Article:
Publications by authors named "Lars Schmidl"

2 Publications

  • Page 1 of 1

N-methyl-D-aspartate receptor dysfunction by unmutated human antibodies against the NR1 subunit.

Ann Neurol 2019 05 2;85(5):771-776. Epub 2019 Apr 2.

German Center for Neurodegenerative Diseases (DZNE) Berlin, Germany.

Anti-N-methyl-D-aspartate receptor (NMDAR) encephalitis is the most common autoimmune encephalitis related to autoantibody-mediated synaptic dysfunction. Cerebrospinal fluid-derived human monoclonal NR1 autoantibodies showed low numbers of somatic hypermutations or were unmutated. These unexpected germline-configured antibodies showed weaker binding to the NMDAR than matured antibodies from the same patient. In primary hippocampal neurons, germline NR1 autoantibodies strongly and specifically reduced total and synaptic NMDAR currents in a dose- and time-dependent manner. The findings suggest that functional NMDAR antibodies are part of the human naïve B cell repertoire. Given their effects on synaptic function, they might contribute to a broad spectrum of neuropsychiatric symptoms. Ann Neurol 2019;85:771-776.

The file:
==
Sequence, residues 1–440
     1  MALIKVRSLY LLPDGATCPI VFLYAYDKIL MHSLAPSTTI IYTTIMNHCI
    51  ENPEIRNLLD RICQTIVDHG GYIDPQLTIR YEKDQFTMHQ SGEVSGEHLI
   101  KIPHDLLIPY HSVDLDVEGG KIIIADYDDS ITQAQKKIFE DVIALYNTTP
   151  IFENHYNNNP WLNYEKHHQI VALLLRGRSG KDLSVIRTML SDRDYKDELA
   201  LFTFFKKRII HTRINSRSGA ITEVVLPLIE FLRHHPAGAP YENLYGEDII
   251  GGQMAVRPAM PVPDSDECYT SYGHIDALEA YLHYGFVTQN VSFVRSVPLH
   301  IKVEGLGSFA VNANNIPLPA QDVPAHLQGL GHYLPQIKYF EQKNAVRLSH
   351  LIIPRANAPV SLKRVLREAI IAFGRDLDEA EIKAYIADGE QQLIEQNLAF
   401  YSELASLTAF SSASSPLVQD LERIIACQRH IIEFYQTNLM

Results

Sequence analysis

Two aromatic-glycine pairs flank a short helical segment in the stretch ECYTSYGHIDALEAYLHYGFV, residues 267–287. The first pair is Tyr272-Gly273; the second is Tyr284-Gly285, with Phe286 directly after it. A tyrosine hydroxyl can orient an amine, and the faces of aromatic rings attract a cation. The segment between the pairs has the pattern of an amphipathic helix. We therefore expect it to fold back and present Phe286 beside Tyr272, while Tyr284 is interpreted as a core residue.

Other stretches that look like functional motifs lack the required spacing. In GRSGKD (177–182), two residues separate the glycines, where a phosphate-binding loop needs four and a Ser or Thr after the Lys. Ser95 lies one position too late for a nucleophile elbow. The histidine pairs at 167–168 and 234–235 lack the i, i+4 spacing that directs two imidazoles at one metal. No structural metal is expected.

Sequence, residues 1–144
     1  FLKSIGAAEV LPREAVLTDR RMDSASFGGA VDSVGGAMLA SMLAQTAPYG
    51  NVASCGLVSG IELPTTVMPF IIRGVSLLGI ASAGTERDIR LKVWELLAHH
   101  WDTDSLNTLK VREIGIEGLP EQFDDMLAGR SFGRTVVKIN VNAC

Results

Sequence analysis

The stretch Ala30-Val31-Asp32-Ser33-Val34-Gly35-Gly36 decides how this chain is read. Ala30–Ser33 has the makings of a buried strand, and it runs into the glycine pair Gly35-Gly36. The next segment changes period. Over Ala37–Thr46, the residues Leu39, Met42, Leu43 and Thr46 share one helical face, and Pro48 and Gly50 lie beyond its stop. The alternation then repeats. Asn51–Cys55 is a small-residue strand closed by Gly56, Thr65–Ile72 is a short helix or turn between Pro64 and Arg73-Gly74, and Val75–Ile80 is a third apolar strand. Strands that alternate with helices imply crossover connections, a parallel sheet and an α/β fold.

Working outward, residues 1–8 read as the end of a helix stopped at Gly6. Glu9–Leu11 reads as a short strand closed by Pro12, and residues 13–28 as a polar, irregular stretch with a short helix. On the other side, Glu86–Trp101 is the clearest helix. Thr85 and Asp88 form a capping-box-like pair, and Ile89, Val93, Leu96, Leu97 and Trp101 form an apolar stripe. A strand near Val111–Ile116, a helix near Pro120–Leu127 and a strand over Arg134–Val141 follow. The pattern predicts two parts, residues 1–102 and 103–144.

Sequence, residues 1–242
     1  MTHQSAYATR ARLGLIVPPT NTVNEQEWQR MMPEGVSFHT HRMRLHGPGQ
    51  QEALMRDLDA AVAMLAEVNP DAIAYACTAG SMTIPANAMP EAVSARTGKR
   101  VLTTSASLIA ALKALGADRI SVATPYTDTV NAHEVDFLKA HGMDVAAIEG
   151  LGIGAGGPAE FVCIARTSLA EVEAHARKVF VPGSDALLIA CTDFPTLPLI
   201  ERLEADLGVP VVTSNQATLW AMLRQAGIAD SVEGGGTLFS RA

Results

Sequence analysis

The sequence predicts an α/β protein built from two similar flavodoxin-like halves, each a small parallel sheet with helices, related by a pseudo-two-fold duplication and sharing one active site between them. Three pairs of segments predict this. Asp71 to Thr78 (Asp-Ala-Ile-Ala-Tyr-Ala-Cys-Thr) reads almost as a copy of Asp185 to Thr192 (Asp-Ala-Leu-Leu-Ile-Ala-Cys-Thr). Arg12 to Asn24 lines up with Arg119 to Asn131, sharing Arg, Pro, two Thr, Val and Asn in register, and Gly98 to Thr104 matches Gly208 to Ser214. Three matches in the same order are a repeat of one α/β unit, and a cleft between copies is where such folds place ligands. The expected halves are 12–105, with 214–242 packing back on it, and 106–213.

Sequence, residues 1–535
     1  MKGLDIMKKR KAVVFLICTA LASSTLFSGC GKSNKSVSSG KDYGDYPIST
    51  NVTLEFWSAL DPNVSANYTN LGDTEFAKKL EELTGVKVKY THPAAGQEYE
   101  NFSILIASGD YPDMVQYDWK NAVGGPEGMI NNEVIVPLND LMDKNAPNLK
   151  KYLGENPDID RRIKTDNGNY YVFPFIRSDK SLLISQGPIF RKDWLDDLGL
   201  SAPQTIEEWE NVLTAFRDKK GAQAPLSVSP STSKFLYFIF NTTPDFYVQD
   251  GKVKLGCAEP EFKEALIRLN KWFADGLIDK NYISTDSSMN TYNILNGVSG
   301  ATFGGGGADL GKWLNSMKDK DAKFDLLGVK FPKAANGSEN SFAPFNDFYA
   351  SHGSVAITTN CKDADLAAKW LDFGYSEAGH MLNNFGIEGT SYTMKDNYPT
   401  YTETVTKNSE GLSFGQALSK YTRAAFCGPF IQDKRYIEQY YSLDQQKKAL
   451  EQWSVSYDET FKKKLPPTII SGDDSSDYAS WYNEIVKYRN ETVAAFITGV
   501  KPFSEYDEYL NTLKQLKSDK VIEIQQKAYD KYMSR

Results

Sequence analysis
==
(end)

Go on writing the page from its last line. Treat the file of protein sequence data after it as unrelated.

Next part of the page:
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http://dx.doi.org/10.1002/ana.25460DOI Listing
http://www.ncbi.nlm.nih.gov/pmc/articles/PMC6593665PMC
May 2019

Human Autoantibodies against the AMPA Receptor Subunit GluA2 Induce Receptor Reorganization and Memory Dysfunction.

Neuron 2018 10 23;100(1):91-105.e9. Epub 2018 Aug 23.

Hans-Berger Department of Neurology, Jena University Hospital, Am Klinikum 1, 07747 Jena, Germany; Center for Sepsis Control and Care (CSCC), Jena University Hospital, Am Klinikum 1, 07747 Jena, Germany. Electronic address:

AMPA receptors are essential for fast excitatory transmission in the CNS. Autoantibodies to AMPA receptors have been identified in humans with autoimmune encephalitis and severe defects of hippocampal function. Here, combining electrophysiology and high-resolution imaging with neuronal culture preparations and passive-transfer models in wild-type and GluA1-knockout mice, we analyze how specific human autoantibodies against the AMPA receptor subunit GluA2 affect receptor function and composition, synaptic transmission, and plasticity. Anti-GluA2 antibodies induce receptor internalization and a reduction of synaptic GluA2-containing AMPARs followed by compensatory ryanodine receptor-dependent incorporation of synaptic non-GluA2 AMPARs. Furthermore, application of human pathogenic anti-GluA2 antibodies to mice impairs long-term synaptic plasticity in vitro and affects learning and memory in vivo. Our results identify a specific immune-neuronal rearrangement of AMPA receptor subunits, providing a framework to explain disease symptoms.
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http://dx.doi.org/10.1016/j.neuron.2018.07.048DOI Listing
October 2018